Ankle-spanning external fixation, aka “Delta Frame”
The ankle-spanning external fixator is a versatile external fixation construct that is useful for fractures of the tibial plafond (pilon), unstable ankle fractures, and talus fractures. It can be adapted for other injuries including midfoot fractures. CPT Code 20692 – Application of multiplanar external fixator.
Tibial Schanz Pins
- Mark out the tibial tubercle. The most proximal pin will go 2-4 finger breadths distal to this point.
- Make a mark 1 cm medial to the tibial tubercle. Make a 1cm incision with a scalpel through the skin.
- Use a tonsil to bluntly dissect to the bone.
- Insert the trocar directly to the bone, and then insert the drill bit. It is ok to walk the drill bit up to the tibial crest and then back down about 1 cm.
- Start drilling at about 45 degrees to the floor (which is more perpendicular to the medial side of the tibia, and then slowly raise your hand as you progress through the first cortex. This will ensure proper pin alignment for your external fixation.
- By the time you reach the first cortex, you should be exactly perpendicular to the long axis of the tibia and the floor.
[error]Be careful not to plunge as you progress through the second cortex of the tibia. [/error]
- After drilling bicortically, remove the drill while holding the trocar in place with your left hand. Have the scrub tech hand you a 170mm x 5.5mm partially threaded Schanz pin (e.g. Synthes Large Ex-Fix pin) preloaded on a T-handle chuck. Advance the pin until you feel the second cortex. Turn 8 more half turns after engaging the far cortex.
- Take a 4-pin multipin clamp, and attach it loosely to the pin. Mark your incision for the 2nd pin, and then repeat the pin placement technique described above. Make sure to keep this pin exactly parallel to the proximal pin.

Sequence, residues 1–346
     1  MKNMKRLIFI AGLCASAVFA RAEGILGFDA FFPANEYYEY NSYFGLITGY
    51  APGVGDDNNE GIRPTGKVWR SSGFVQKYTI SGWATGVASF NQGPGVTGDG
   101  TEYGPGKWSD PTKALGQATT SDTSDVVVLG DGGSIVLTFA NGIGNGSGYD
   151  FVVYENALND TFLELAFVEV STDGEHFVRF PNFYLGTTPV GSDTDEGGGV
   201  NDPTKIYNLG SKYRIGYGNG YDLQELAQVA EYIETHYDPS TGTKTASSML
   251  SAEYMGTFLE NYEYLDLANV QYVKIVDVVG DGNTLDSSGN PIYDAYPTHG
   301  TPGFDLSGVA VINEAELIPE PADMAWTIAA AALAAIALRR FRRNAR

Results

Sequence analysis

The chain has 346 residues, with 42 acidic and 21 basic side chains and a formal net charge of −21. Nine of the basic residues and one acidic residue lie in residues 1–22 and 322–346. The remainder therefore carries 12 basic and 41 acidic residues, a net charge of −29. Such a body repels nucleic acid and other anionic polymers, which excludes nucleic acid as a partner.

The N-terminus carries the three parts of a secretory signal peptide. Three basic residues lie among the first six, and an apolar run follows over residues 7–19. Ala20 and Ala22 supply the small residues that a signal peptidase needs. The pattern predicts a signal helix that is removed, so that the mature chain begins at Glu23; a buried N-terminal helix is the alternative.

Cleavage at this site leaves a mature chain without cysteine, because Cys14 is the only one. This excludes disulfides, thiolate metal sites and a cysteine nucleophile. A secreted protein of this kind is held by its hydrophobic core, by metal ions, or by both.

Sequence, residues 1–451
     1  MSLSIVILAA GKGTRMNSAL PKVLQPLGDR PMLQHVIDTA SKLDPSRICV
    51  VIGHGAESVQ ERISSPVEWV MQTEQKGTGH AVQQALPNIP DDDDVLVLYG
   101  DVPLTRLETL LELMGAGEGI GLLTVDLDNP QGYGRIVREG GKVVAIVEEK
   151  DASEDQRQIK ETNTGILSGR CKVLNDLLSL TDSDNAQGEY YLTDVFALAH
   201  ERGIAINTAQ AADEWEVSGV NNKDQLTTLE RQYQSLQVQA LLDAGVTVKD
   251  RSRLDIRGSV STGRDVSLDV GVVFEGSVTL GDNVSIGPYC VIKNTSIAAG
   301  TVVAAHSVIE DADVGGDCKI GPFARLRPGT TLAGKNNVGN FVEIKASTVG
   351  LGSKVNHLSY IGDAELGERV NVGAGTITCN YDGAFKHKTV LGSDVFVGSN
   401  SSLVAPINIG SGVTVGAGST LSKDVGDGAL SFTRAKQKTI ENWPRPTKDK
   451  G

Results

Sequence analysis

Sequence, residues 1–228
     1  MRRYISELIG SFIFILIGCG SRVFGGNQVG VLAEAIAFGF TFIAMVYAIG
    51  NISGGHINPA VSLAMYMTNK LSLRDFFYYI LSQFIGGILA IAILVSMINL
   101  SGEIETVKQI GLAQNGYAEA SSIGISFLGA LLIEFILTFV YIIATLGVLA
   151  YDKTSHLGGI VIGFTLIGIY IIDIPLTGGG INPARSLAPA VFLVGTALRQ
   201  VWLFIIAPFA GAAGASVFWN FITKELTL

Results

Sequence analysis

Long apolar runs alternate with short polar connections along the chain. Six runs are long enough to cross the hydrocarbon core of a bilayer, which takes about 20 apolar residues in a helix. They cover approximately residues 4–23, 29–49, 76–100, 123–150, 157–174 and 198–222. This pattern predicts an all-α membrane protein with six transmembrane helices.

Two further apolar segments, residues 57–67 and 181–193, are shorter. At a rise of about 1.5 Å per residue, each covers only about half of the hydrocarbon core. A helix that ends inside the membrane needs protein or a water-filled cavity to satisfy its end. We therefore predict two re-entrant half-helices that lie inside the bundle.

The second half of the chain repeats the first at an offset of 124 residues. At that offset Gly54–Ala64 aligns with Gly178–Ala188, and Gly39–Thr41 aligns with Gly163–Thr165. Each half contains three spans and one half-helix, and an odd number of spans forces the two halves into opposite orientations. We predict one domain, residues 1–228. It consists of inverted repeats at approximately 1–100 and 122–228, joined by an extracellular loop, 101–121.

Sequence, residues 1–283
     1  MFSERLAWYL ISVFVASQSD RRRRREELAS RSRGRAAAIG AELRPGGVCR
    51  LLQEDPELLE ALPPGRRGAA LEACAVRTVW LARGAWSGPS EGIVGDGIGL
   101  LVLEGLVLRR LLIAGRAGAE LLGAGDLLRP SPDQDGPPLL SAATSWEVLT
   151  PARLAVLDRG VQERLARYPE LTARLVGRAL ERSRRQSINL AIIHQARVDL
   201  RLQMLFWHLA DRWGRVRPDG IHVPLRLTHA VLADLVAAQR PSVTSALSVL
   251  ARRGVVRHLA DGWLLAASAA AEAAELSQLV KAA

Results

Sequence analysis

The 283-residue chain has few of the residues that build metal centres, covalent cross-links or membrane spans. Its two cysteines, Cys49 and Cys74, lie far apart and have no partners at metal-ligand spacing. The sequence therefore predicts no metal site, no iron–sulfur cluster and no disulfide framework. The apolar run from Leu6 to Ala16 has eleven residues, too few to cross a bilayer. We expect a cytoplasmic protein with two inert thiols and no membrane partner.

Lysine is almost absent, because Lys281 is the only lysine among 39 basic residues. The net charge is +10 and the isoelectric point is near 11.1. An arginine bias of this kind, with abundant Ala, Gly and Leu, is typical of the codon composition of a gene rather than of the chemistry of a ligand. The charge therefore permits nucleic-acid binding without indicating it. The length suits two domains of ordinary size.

Calcaneal Transfixion Pin
- Obtain a perfect lateral of the calcaneus with the C-arm. Have an assistant hold the foot dorsiflexed near neutral. Identify the “safe zone.”
- Use a #15 blade scalpel to make a 5mm incision through the skin. Use C-arm to assist in placing a drill at the medial cortex of the calcaneus in the safe zone. Drill through the near cortex only.
- Have the C-arm tech “left-to-right” the previous image. Use that as a guide to make sure your pin is in the same starting point. Advance a centrally threaded calcaneal transfixion pin through the near cortex and out again through the far cortex. Advance the pin until it is centered perfectly in the calcaneus.
- Gather 2 pin-to-bar clamps as well as the 4-pin multi-pin clamp, and two carbon fiber rods.
- Apply the multi-pin clamp to the two tibial Schanz pins. [box type=”download”]The closer the clamp is to the bone, the stronger the construct will be. However, this has to be balanced with the risk of skin breakdown, especially if significant swelling occurs. A good rule of thumb is to place the multi-pin clamp 2 finger-breadths away from the skin.[/box]
- Provisionally tighten the clamp to the pins, and make sure there is an articulating arm on each side of the clamp.
- Loosely tighten pin-to-bar clamps on each side of the calcaneal pin.
- Measure out a carbon fiber rod of the proper length to reach from the articulating arm on the multipoint clamp to the pin to bar clamp on the calcaneal pin. Make sure to leave 2-3 cm of extra length at the calcaneal end so there will be enough rode left after pulling traction.
- Place two folded towels over the distal shin, such that they are located between the carbon fiber rods and the skin.
- Obtain gross alignment of the ankle, and tighten the tibial construct with a T-handle wrench. The only thing left loose should be the calcaneal pin-to-bar clamps.
- Use two blue towels wrapped around the calcaneal pin to pull traction, while at the same time keeping your hands out of the x-ray beam. Tighten external fixation frame as necessary.